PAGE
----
Merry Christ-mas! I am blessed.
This morning my husband sang in the Christmas Choir at church and I operated the computer that projected the words to the songs on the back wall above the balcony. So while the congregation thought the choir members were merely lifting their eyes in worship to God, they were actually reading the cheat-sheet I was displaying. The choir members knew the songs, but since we had a big production today, it was nice for them to have the words there in case of a moment of nervous blankness.
Initially I found myself working hard to have the correct verses displayed at the right time in order to not make a fool of myself. But then God reminded me: We don’t do things with excellence to exalt ourselves: we do things with excellence to better serve others. Through this attitude Christ is also exalted and served. The presence of God was wonderfully present and we were blessed through this time of worship in song.
One king held the frankincense.
One king held the myrrh.
One king held the purest gold.
One king held the hope of the world.
(Words and Music by Jeff Borders, Gayla Borders
and Lowell Alexander, Arranged by Jay Rouse)
Thank you God for choosing to being born as a human and providing real life and hope for this world.
My husband and I cooked and baked this week. Some of it was done in bits and pieces during the day, some of it late at night. Friday night we came home from choir practice sometime past 10:00 PM and decided that if we wanted the pumpkin pies and milk tapioca made it needed to be then. So we reached into the cupboards and got out the pie pans that had last been used at Thanksgiving and that would probably not be used again until Easter.
I got out the milk tapioca recipe written on a lined index card in my grossmommy’s handwriting- a family favorite.
“Milk Tapioca,” my husband laughs. “It’s tapioca. Why bother adding the word milk?”
“Ah, but the word milk is essential,” I tell him. “In the spring we cook Rhubarb Tapioca. Tapioca can also be used to thicken fruits, making it Peach Tapioca or Cherry Tapioca… Yeah, I believe the word Milk added to the front of Tapioca is indispensable.”
We measured and stirred, baked and cooked, laughed at silly nothings and sang Christmas Carols. While the pies were in the oven, sometime around 1:00 AM, Daniel stood by the stove stirring my milk tapioca while I washed up the last of the dishes. Suddenly he remarked, “I had an extra can of pumpkin left over. I should have checked more carefully when I made that comment about the filling be more runny than normal. Let me see…” His brow furrowed slightly as he counted cups and teaspoons. “Yeah, I doubled everything except the pumpkin.” We discussed whether it was going to set properly or whether it would have enough of a pumpkinny taste. To our surprise it turned out quite well, slightly sweeter than we would have preferred, but quite edible.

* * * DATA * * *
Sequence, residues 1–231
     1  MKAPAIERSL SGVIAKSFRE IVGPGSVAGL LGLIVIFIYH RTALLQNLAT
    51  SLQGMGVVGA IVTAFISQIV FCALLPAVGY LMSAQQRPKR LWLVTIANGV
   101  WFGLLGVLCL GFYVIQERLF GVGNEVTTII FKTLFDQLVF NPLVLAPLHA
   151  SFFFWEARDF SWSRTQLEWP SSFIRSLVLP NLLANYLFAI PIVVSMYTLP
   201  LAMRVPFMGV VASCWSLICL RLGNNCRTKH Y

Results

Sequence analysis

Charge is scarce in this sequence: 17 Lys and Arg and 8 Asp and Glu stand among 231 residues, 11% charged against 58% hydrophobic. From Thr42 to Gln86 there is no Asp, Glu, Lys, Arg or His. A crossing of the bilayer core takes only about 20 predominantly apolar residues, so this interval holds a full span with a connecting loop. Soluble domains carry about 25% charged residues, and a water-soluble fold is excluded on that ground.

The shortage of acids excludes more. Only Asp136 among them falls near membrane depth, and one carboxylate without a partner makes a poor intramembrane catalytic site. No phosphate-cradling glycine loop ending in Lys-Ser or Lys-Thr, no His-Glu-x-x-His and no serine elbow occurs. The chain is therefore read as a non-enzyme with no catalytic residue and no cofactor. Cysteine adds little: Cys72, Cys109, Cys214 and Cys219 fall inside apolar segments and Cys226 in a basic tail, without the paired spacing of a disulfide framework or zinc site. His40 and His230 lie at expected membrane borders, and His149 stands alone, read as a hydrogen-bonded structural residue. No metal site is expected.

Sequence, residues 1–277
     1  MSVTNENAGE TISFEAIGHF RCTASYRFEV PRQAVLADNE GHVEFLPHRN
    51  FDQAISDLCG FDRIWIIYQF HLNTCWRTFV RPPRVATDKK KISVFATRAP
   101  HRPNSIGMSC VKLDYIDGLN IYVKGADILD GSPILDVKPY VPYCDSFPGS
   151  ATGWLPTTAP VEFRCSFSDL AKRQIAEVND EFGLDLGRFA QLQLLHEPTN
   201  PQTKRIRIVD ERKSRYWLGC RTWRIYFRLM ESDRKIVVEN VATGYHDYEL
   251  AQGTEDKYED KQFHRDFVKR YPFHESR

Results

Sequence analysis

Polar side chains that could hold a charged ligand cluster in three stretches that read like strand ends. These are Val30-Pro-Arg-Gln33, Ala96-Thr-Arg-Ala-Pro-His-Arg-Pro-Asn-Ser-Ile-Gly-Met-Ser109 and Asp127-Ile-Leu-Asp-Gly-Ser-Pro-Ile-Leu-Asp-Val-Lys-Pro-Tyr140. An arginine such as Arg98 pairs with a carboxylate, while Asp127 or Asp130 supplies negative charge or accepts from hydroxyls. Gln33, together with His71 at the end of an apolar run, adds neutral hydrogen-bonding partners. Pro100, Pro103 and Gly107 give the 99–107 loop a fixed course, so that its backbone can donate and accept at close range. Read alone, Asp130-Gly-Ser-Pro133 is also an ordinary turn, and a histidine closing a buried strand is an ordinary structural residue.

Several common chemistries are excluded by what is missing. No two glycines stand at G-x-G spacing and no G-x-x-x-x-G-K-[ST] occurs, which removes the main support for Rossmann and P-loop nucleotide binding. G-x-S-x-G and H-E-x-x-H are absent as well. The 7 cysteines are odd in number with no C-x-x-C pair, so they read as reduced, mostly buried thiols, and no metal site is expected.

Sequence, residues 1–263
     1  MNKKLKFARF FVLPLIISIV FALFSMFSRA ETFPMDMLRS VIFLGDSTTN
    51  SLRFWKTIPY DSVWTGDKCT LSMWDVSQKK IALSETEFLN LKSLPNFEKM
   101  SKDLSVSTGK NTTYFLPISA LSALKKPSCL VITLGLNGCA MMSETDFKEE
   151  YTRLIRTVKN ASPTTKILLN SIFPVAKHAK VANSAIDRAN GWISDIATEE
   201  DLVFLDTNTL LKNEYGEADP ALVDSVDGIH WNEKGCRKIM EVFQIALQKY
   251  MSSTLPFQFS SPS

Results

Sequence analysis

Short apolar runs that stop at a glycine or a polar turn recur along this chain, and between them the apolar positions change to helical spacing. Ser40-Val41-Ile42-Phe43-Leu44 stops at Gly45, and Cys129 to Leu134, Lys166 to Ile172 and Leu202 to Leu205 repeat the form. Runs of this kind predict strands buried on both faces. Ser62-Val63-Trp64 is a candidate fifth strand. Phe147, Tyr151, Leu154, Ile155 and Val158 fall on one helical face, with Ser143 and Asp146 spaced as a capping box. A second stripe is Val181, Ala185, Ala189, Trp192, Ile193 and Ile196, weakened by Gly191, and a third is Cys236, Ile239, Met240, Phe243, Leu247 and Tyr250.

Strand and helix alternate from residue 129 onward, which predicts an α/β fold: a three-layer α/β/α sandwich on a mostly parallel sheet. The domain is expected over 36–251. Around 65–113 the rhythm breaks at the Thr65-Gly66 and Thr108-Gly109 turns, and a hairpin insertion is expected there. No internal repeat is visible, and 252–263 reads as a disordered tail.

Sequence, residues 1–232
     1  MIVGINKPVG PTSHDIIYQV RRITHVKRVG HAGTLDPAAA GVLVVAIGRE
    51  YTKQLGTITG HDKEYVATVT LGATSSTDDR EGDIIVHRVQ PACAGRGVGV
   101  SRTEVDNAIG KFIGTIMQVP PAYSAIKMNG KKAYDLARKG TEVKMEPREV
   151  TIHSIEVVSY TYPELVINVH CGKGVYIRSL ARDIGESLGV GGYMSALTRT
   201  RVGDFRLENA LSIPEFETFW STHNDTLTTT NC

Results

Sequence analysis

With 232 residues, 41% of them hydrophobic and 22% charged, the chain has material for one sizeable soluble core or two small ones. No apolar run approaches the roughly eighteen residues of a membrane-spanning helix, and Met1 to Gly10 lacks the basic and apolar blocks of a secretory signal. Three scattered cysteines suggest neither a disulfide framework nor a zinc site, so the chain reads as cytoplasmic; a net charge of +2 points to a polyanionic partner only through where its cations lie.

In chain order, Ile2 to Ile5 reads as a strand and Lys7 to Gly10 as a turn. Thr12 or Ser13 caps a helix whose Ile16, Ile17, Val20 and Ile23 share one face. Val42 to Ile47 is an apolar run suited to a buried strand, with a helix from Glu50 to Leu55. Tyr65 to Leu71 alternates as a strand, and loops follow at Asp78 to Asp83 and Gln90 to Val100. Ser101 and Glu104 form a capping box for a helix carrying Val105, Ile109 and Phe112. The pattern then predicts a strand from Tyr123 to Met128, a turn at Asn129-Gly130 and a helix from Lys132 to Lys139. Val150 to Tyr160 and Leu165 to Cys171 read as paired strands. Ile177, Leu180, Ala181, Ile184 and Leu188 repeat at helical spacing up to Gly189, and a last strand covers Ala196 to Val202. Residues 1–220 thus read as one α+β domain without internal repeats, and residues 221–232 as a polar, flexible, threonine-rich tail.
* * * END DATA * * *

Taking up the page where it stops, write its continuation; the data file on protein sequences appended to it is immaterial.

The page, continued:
While we were laughing at his cooking error, I tasted the milk tapioca. “Did you forget something, too?” he asked when he saw me walk over to the refrigerator and stare at the recipe posted there.
“It’s the salt,” I said while holding up fingers to figure out 1/8 times twelve. Grossmommy’s original recipe called for only two cups of milk. She always tripled it when she made it and I had those measurements penciled in besides the others, all except for the salt.
“It needs more than salt,” my husband commented licking a spoon. “It also needs sugar.” I added the salt and then went back to the recipe. The original recipe called for three tablespoons of sugar, multiply that times three. I was lifting fingers again.
“Ah, that’s the problem.” The tripled recipe needed one cup plus one tablespoon of sugar, but because I always add slightly less sugar, I had penciled in only one cup. That evening while cooking I had forgotten that the recipe already had less sugar figured into it and I added a scant cup of sugar. I might have gotten away with that if it wasn’t for the fact that tonight I was duodectupling the recipe. By adding two scant cups of sugar I had reduced the sweetness by somewhere between four to six tablespoons. I added four more tablespoons and the milk tapioca turned out perfectly.
My sister-in-law and her college age daughter ate dinner with us after church on Christmas Day. My husband had made a delicious cranberry walnut stuffing. I told him he’ll need to write it down so we can duplicate it again next year. We had made extra of everything so we could send some home with our guests plus enjoy leftovers all week.
In the afternoon we all went to the Dollar Theater and saw the movie: In Time. My husband and I had seen it earlier this week and wanted to see it again. It’s thought provoking.
My husband’s job doesn’t allow him to be home every evening, so we are especially enjoying his time off. Many evenings we sat side-by-side on the sofa, each with our laptop, feet propped up or curled under, drinking hot tea or hot chocolate, nibbling on cheese and crackers or cookies… just being. Occasionally I would ask for a moment of his time and he would lean over to read or proofread my writing. Other times I would pause and listen to the latest research he had found on electro-magnetics and then an enlightening conversation would follow.
One evening, in honor of our first date, we drove through a local neighborhood to see the Christmas lights. We reminisced, comparing the two evenings. On our first date it was close to zero and windy. This year it was in the forties and we could comfortably roll down the windows to listen to some of the musical displays.My life contains health, love and laughter. Indeed, I am blessed.